Throughout the year, I like to keep a running list of all the cool gift ideas I’ve seen or researched just to give my blog readers a little help with their gift giving endeavors. While I do not advocate gift-giving as the only way to show affection to friends and loved ones during the holiday season, sometimes its hard to think about what you or another genealogist may need in the pursuit of success in the upcoming year.
So, before we get started: I am not an affiliate seller or sales partner for any of the described products. This is a list of ideas and recommendations based on some of the reference questions and new products I’ve discovered throughout the year. NO MONEY IS BEING MADE OFF THIS POST, so settle down and let the folks who need some help receive a little assistance from a friendly not-for-profit librarian.
Idea #1: Portable Power – Great for conferences, meetings, and on-the-go research
This was a big conference year for me, as I attended five different conferences across the country. Most of these I attended as a speaker, an author, or as a non-profit society vendor spreading the word about webinars, events, and other resources my library provides. Regardless of what capacity you’re choosing to attend a conference, you’re going to run into the same issue – lack of charging opportunities for laptops and portable devices. Yes, there are some larger conferences which offer charging centers, the vast majority of the conference locations may not have an abundance of power for attendees to use. Here are two of the products I bought this year which changed this dynamic.
Jackery Thunder Fast Portable Charger – This is a great light weight option when you need portable power for a tablet, smart phone, or fitness device. I used the dual USB ports to power up two items at the same time, and even shared power charging with a friend who was running on empty. I was able to charge my phone three and a half times operating from 20%, which was a real lifesaver.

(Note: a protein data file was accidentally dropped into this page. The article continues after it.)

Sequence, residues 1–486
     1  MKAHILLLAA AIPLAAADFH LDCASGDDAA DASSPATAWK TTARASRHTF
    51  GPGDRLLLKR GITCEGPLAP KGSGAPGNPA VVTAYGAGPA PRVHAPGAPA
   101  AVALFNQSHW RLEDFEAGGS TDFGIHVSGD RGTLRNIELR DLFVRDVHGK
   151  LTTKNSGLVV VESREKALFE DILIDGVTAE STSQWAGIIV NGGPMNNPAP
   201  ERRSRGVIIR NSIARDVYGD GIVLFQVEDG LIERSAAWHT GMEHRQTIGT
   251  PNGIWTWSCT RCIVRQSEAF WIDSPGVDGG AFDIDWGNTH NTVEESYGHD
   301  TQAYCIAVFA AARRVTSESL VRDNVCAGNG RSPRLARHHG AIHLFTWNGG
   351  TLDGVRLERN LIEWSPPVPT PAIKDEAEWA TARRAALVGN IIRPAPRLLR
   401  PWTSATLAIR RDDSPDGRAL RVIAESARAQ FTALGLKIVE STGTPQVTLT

Jackery Portable Laptop Charger – Laptops require a lot of power. I know, I was hitting up every available outlet at each of my conferences and really had to ration my computer use. This changed when my brother gave me a portable laptop charger this year for my birthday. I LOVE IT! I can usually get two charges out of the Jackery model, and I’ve been able to recharge the battery quickly and innocuously by plugging it into a back wall in some of the lecture rooms.
Idea #2: Genealogy Subscription Services
There are a ton of subscription databases and services on the market which would benefit the genealogist in your life. I do not advocate any subscription over another, here are a few suggestions based on popular reference referrals:
- DNA Research – Legacy Family Tree Webinars
- Colonial American Research – American Ancestors
- British Research – FindMyPast
- Irish Research – RootsIreland, FindMyPast, Ulster Historical Foundation
Idea #3: Roku Streaming Stick
For genealogists with low vision issues or for those who just want to take a break from watching webinars on your computer, a Roku streaming stick may be great gift. A Roku is a little stick you pop in the USB port of your TV to stream shows, movies, and music. One of the best aspects of a Roku for genealogists is access to YouTube for free. With a bigger screen and a comfortable couch, you’ll have the best seat in the house to watch all the free webinars on the site.